Building consumer confidence

Topics PVR Cinemas | theatres | Coronavirus

As the script of the po­st-lockdown story un­folds here’s the de­nouement of the “movie” on the cinema industry. After finding a cure for this dreadful virus or finding a way to coexist with it (preferably the former) the passion for cinema within Indian moviegoers outweighs the impediments we see today. In the end, the great Indian consumption narrative resuscitates the film industry and other consumer-facing businesses. A recent Or­max Media report states, “More than 80 per cent of Hindi, Ta­mil, and Telugu audiences miss the theatres.” That is what our internal surveys conducted with our loyalty members suggest.

PVR is India’s leading cinema chain. It attracted a large and disparate audience of close to 110 million last year. PVR will implement guidelines to ensure customers once again feel comfortable returning to the number one form of out-of-home entertainment in India. A reduction or deferment in GST can further stimulate demand but that is in the hands of the government. What is in our hands is the primary responsibility of rebuilding consumer confidence and getting people back to the cinemas. It’s the least we can do for a community that gave us the confidence to build our brand to what it is today.

PVR will articulate protocols prioritising health and safety in cinemas. However my belief is that these will only be temporary until a vaccine is discovered for the pandemic.

When customers do return, we will uphold a safety-driven strategy, benchmarked by global practices adopted across in­dustries (like aviation or hospitality) and adhere to guidelines provided by health organisations and governments. These will encompass every aspect of the movie-going experience starting with ticketing.

Our digital collections are between 60 and 70 per cent of the total. We are certain this will grow as customers avail of the online option. Meanwhile, all employees at interaction points will wear the required safety gear and also sell PPE kits to customers who need them. Our aim is to ensure an adequate gap amongst customers, and between customers and employees.

To mark the required one-meter gap indicated by WHO, floor markers or stickers will be placed across the customer journey — from the point of entry to exit. Our employees will remind customers on maintaining spacing. Soft operating procedures, such as security will be amended. Door frame metal detectors will be used instead of handheld ones. Temperature checking will be introduced. Any customer displaying even minor symptoms will be restricted entry and will get a refund on his ticket. Taking a leaf out of the aviation industry, we encourage all our customers to download the Aarogya Setu app, which will be looked at at the entry point. Similarly, we’ll ensure all our employees have it installed and checked regularly.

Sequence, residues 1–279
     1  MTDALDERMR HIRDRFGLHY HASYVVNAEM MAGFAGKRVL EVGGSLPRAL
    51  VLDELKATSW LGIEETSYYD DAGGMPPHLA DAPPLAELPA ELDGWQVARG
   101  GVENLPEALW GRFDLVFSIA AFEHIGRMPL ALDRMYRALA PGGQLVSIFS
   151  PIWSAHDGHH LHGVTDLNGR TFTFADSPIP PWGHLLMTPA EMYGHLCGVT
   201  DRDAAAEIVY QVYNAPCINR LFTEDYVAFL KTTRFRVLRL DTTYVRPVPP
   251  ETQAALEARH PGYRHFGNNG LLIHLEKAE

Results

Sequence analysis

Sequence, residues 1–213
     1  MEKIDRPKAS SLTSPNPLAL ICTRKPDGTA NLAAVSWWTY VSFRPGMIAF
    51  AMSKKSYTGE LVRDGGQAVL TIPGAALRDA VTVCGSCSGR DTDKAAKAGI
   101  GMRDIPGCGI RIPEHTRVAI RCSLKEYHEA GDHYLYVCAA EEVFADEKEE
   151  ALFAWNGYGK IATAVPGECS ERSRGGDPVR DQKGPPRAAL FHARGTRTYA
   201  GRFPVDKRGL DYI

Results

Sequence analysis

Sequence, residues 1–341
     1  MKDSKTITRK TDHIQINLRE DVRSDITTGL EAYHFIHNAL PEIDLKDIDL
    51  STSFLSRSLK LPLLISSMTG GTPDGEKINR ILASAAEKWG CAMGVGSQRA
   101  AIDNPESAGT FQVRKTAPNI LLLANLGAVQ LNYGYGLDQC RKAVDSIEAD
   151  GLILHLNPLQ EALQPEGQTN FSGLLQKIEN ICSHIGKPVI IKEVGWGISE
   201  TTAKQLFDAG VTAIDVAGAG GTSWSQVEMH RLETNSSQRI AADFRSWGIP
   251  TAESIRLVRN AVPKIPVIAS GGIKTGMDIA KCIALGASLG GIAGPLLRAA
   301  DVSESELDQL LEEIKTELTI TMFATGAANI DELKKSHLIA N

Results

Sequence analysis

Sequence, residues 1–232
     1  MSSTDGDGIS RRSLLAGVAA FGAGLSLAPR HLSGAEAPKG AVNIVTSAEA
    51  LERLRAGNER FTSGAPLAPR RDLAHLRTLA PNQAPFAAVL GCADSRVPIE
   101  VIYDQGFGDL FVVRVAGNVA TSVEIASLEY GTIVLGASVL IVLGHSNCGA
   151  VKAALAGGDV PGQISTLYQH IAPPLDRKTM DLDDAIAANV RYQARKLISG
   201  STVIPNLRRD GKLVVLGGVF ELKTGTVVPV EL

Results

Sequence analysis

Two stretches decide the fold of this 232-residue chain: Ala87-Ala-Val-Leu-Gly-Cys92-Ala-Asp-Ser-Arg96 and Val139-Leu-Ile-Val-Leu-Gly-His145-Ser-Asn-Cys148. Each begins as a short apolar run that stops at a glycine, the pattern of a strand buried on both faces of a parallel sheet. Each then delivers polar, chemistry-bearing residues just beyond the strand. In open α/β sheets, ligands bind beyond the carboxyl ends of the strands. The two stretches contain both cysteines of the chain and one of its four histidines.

As customers make their way into the foyer, they’ll see hand-sanitisers at various touchpoints — near auditoriums, F&B counters, restrooms. Furthermore we are installing sensor-based equipment wherever applicable and coating all door handles with micro-shield film.

The area where food is served is another transaction and potential queueing area. Its offerings will be amended. Counters for pick-up and payment will be separate, all cutlery and packaging will be disposable and additionally disinfected using UV treatment. Here too, we encourage the use of online ordering and transactions, using the one-metre stickers as a guide. In addition, between the guest and PVR personnel selling F&B, a Perspex sheet which acts as a “sneeze guard” will be installed.

The core of our business, film-viewing, will be made safer without compromising on the quality of the experience. We will introduce a one-seat gap between groups (each booking transaction) to maintain the social-distancing norm, except in premium auditoriums that already hold spaces be­tween seats. Moreover, to avoid crowding, intermissions will be extended, exits will be staggered row-by-row and restrooms will operate at 50 per cent capacity. I emphasise that all areas, from the restrooms to the concession to the seats inside the auditoriums, will undergo deep and periodic cleaning and sanitisation.

Finally, equally important is the safety and health of our employees. They will be trained heavily on all the new protocols and hygiene practices, will undergo fortnightly medical checks and daily health monitoring. To reiterate all of the above, we will make a short film and circulate it digitally to give the consumer a complete picture of his experience.

It sounds clichéd. But through PVR’s 30-year journey a dialogue from the movie, Field of Dreams, has stuck with me. Kevin Costner’s character, Ray Kinsella, hears a voice that urges him to create a baseball field. The voice says, “If you build, he will come.” The same thought resonated with us and encouraged us to expand our cinemas across the country. PVR is a company that began with private equity investors and later listed on the stock exchange. We have backed up our expansion with feasibility studies and market research. We knew deep down that if we build high-quality environments, the Indian consumer, with its insatiable appetite to escape into the world of big screen movies would come. It is what urges us to create high-level guest experiences, deploy the best technology possible, diversify our F&B offerings, and raise the bar of health and safety.

It is my unequivocal belief that the propensity of humanity to socially engage, go out and indulge in first-hand shared experiences  always will, keep the cinema going.
The author is chairman, PVR Cinemas

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